Read A Home for Her Heart Online

Authors: Janet Lee Barton

A Home for Her Heart

Love on Assignment

Magazine writer Elizabeth Anderson has sparred with newspaper reporter John Talbot for years. Though they cover similar stories, John thinks Elizabeth’s writing is trivial, and she finds him too boastful. So when they must work together to investigate New York City’s worst tenement houses, they’re surprised by the great team they make.

Boardinghouse Betrothals: Hearts taking shelter—and forging new beginnings

“I don’t think I’ve ever told anyone about how lonely I was.”

John reached out and gently touched Elizabeth’s cheek. Their eyes met, and the realization of how much she liked him scared Elizabeth into jumping up from the park bench.

“Elizabeth. I didn’t mean to upset you. I—”

“You didn’t. But—” She couldn’t let him say he was sorry for the tender moment. She didn’t want to hear that. “It’s just getting late, and we should get back.”

He stood from the bench, and she slipped her hand through his arm before they began their walk back.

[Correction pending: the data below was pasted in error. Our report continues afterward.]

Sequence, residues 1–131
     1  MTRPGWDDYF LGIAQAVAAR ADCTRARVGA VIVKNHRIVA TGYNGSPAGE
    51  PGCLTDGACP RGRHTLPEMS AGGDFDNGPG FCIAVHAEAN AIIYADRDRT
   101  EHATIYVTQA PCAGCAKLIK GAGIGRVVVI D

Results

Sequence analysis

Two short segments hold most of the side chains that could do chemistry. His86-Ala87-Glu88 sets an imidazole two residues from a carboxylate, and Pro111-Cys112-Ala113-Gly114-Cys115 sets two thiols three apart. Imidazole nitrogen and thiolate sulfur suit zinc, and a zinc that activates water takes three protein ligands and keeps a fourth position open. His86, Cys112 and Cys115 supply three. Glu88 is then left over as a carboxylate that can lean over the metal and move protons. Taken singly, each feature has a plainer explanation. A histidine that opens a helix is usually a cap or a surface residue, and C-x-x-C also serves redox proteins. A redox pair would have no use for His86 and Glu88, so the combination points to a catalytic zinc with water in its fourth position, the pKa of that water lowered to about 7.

“Thank you for listening, John.”

“Anytime. I mean that, Elizabeth. I’ve opened up to you in ways I never have with anyone else.”

His words warmed Elizabeth’s heart. This man whom she’d sparred with for over a year had suddenly become the person she shared all her deepest hurts and fears with. He was truly her best friend. But now she wanted for more.

Books by Janet Lee Barton

Love Inspired Historical

*
Somewhere to Call Home
*
A Place of Refuge
*
A Home for Her Heart

*Boardinghouse Betrothals

JANET LEE BARTON

was born in New Mexico and has lived all over the South, in Arkansas, Florida, Louisiana, Mississippi, Oklahoma and Texas. She loves researching and writing heartwarming stories about faith, family, friends and love. Janet loves being able to share her faith and love of the Lord through her writing. She’s very happy that the kind of romances the Lord has called her to write can be read and shared with women of all ages.